John & Renee Coker  

Egypt 2003: Thebes West Bank

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For the Ancient Egyptians the west was not the direction of finality and death but rather the way to the "kingdom of the West" where the deceased could be admitted by Osiris to the Day of Judgment. It was also the direction taken by the setting sun before it journeyed through the Underworld. When it disappeared into the shadows the heavenly body was gradually regenerated and reappeared each morning as a new being. These two aspects of rebirth (Osirian and solar) are represented in all the funerary monuments, tombs and temples on the west bank of Thebes. The Egyptians who cultivated this fertile valley believed that the kingdom of Osiris resembled this earthly kingdom of fields, canals and agriculture. It was a sort of familiar, earthly paradise where the deceased could enjoy a happy life for eternity. They could only recover their completeness, temporarily lost at the moment of death, by gathering together all the various elements which made up their identity during their earthly life: their body, their ka (vital energy which was both preserving and creative), their ba (spiritual element), their ankh (immortality), their shadow and their name.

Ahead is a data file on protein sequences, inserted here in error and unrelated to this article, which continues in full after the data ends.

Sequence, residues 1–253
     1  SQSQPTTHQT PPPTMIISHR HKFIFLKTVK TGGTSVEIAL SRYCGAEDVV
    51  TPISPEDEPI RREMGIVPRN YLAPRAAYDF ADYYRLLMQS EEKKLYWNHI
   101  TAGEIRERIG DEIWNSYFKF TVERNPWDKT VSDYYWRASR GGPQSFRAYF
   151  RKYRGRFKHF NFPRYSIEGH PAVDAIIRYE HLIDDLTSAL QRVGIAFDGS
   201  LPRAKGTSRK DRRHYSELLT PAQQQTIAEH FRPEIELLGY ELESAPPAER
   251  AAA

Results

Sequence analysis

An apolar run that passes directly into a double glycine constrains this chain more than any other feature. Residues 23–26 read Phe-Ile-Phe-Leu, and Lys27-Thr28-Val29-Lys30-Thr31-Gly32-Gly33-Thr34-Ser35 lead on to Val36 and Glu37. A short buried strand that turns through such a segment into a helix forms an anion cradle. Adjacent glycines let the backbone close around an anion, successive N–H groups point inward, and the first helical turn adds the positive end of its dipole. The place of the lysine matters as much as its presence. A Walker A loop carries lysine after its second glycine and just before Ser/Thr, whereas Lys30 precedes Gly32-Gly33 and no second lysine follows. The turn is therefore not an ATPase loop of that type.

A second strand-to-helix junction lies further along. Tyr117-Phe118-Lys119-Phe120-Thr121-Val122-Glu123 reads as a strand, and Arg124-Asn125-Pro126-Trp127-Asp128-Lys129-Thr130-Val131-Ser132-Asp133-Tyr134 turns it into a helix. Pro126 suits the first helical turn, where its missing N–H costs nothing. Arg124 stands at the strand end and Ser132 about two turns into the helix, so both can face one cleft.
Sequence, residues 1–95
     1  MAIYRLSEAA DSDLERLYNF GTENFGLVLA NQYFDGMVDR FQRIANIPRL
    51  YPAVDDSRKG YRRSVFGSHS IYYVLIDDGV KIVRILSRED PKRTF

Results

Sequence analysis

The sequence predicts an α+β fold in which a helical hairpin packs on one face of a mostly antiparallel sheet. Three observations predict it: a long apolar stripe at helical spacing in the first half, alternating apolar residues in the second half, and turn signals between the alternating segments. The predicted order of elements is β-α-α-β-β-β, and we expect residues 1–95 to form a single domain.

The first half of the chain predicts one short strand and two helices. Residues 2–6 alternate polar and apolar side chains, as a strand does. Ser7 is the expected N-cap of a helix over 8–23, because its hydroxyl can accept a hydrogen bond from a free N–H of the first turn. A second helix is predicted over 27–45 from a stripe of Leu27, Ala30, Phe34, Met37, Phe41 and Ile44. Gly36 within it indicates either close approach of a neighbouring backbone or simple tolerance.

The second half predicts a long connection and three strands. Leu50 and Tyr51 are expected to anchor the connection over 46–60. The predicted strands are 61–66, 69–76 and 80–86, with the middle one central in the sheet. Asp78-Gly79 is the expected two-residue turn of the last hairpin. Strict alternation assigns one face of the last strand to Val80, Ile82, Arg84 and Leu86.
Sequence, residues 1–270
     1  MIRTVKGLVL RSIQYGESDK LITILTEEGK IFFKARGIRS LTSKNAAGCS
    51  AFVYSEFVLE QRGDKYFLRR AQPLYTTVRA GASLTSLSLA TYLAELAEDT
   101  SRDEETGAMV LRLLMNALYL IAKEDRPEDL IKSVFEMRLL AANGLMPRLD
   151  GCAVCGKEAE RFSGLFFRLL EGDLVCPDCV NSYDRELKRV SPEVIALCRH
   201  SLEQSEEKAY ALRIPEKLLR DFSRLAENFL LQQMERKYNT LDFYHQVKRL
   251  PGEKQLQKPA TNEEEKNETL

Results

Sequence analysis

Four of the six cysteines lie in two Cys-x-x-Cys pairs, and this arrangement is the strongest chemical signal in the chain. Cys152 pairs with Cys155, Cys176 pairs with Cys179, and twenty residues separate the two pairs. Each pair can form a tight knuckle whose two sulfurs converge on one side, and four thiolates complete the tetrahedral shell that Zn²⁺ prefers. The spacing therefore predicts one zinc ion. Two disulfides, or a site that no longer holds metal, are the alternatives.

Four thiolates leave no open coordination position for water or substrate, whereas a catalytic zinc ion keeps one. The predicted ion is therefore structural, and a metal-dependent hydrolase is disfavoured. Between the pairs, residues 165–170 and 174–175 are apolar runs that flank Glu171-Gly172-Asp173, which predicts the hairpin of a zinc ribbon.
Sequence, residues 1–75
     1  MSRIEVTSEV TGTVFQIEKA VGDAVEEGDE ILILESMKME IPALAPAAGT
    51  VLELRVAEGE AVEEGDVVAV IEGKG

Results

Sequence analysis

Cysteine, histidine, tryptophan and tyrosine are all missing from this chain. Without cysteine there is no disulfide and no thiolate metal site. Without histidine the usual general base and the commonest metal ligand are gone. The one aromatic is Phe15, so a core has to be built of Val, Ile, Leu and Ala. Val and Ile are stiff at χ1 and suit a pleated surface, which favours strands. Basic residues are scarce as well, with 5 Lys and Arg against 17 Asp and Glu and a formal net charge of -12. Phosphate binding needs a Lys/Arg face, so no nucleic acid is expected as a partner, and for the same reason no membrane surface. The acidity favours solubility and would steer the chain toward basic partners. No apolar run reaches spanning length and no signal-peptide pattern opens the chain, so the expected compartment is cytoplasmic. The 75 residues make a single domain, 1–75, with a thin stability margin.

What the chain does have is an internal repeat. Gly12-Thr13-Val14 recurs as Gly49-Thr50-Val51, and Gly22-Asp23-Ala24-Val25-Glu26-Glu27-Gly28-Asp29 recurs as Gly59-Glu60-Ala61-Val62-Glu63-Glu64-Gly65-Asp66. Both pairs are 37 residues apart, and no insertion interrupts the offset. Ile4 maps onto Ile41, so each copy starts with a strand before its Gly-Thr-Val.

The body, in particular, was essential to the life that mummification aimed to preserve. The mortal remains, brought by boat from the east bank, were prepared more or less carefully, depending on the family's financial resources. Specialist priests, imitating the rites originally performed by Anubis on the body of Osiris, removed the entrails which were preserved in four Canopic jars (whose stoppers represented each of the four sons of Horus) and placed in the tomb the sarcophagus. Once the body was cleaned, dried out with natron and coated with ointments, it was tightly bound in strips of cloth. There were many embalming rooms between the Nile and the Theban necropolis.

The royal necropolis, known in ancient times as "the Place of Truth", is a logical place to start a visit to the west bank. None of the tombs in the western valley is open to the public and only the present Valley of the Kings enables visitors to discover the very singular world of the 18th- and 19th-Dynasty pharaohs. The mountain of Thebes at the far end of the valley in fact forms a near natural pyramid both in terms of its shape and its function since it contains sixty or so royal tombs.